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Publication numberUS1727847 A
Publication typeGrant
Publication dateSep 10, 1929
Filing dateApr 29, 1927
Priority dateApr 29, 1927
Publication numberUS 1727847 A, US 1727847A, US-A-1727847, US1727847 A, US1727847A
InventorsRaymond White John
Original AssigneeHenry Leeds
Export CitationBiBTeX, EndNote, RefMan
External Links: USPTO, USPTO Assignment, Espacenet
Process of producing yeast
US 1727847 A
Abstract  available in
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Claims  available in
Description  (OCR text may contain errors)

Patented Sept. 10, 1929.




No Drawing. Application filed April 29,. 1927, Serial No. 187,707. Renewed January 31," 1929.

This invention relates to yeast, yeast products and process of making the same.

\Vhere I have attempted to properly mature bread dough, utilizing yeast as theleavening agent and adding ordinary salt or hydrohalogen acid compounds of sodium as a.

means to control the maturing process and activate the gluten of the flour. I have found that this seasoning or modifying agent inhibits the proper action of the yeast, prolonging the maturing process and correspondingly increasing the cost of bread making by increasing the amount of yeast used if such maturing time is attempted to be shortened.

' Thus,the addition of ordinary salt or a compound such as potassium bromate, potassium iodate, iodic or bromic acid or a combination of ordinary salt and a sodium compound of one of the halogen-oxygen acids compound mentioned acts in a manner which may be termed toxic to yeast known to me as developed by the ordinary process. The toxic or retarding action of dough compounds such as ordinary salt or the hydrohalogen acid compounds upon yeast I attribute largely as the cause of the extended time necessary for maturing bread dough or the excessive use of yeast to shorten the maturing period.

.I have discovered that in the process of making yeast from fermentable materials such as sacchariferous materials, particularly molasses, the addition of so-called nutrient compounds calculated to increase the propagation of the yeast, though innocuous to the propagation when used in the presence of quantities of salt normally used in making bread or other agents calculated to enhance its properties, has the retarding efi'ect pre- 40 viously mentioned, necessitating a prolonged maturing time or an increased use of the yeast. I have discovered that I can produce a yeast which is substantially acclimatized to dough modifying ingredients, such as salt or a mixture thereof with iodie or bromic acid or a halogen-oxygen compound of sodium or potassium, to increase the maturing prOperties of the yeast, shorten the maturing period and correspondingly reduce the quantity of yeast for proper leavening of'bread by propagating yeast in a sa'cchariferous solution containing asalt medium or salt and an alkali-metal compound of a halogen oxygen acid, preferably omitting the socalled nutrient salts or compounds which have been found to be unfavorable to an acidity control of the propagating medium.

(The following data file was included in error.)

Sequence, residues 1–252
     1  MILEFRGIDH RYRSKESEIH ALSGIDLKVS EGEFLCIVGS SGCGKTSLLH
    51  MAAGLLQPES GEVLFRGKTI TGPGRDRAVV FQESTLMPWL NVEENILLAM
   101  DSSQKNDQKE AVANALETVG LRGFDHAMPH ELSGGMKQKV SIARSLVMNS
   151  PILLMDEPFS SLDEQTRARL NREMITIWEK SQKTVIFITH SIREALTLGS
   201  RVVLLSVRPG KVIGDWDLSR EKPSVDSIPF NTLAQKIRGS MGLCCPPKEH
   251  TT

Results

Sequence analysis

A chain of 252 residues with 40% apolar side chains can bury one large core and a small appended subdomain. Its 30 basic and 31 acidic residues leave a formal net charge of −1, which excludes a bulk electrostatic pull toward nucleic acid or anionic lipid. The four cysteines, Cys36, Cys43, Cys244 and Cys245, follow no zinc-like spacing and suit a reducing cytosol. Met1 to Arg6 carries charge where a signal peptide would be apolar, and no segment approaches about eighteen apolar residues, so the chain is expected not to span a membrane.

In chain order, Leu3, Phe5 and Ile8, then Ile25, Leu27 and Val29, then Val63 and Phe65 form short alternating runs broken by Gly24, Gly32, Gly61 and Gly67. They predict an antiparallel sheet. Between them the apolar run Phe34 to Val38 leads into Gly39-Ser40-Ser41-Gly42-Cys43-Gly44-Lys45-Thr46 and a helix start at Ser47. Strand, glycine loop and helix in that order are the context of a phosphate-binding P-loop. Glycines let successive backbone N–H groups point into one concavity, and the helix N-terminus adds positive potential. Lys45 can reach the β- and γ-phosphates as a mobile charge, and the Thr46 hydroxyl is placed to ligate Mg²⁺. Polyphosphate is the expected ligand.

A yeast so grown is further characterized by its freedom from putrefiable bacteria and therefore having a high order of keeping property. Furthermore, the yeast is highly palatable for direct consumption where it is recommended for its medicinal properties. The appearance of the product is enhanced. characterized by an apparent bleaching eflect of the propagating medium upon the yeast.

For the practice of my invention I provide a sacchariferous medium of 4 to 10 Brix.

Preferably I utilize a sacchariferous medium comprising molasses of the strength described. To this medium, in quantities of approximately one gallon, cel after first incorporating with the sacchariferous material ordinary common salt (sodium chlorid). The salt is added in quan tities to be present-in the molasses in pereentages varying from to 5%. It is preferred to maintain the strength of the salt solution at about 3%. Under the conditions described, fermentation is permitted until it ceases. The batch previously prepared is added to twice the amount of molasses, modified by the salt as previously described. In this bath fermentation is permitted to continue until it ceases. A yeast so made may be utilized as commercial seed yeast wherein it may be added to saline modified molasses or sacchariferous mediums in proportions of a hundred gallons of the commercial seed yeast molasses to 1000 gallons of fresh molasses.

For the preparation of commercial yeast having the properties previously described. it is preferred to propagate the yeast in six successive stages in the saline medium of common salt or common salt to which there has been added a halogen acid compound such as iodicor bromic acid or the alkali metal or alkalin earth metal compound of iodic or bromic acid, such as sodium bromate,

I add a yeast seed 'sodium iodate, calcium iodate or bromate. Where I use the iodates, bromates or haligenoxygen acid compounds, I may add from .005

. to .7 5% of any of these compounds, in addition to to 5% of salt, to the sacchariferous medium.

It will be understood that where I use molasses I have found that this medium normally contains suficient nutrients for proper propagation of yeast in accordance with m process. Under certain conditions I may, owever, add salts which, do not adversely affect the acidity factor resulting from fermentation or as a result of a previously digested sacchariferous material utilizing sulp uric or hydrochloric acid. Anacidity of QT, corresponding to solution, is

preferably maintained. It willalso be observed that I may add compounds including.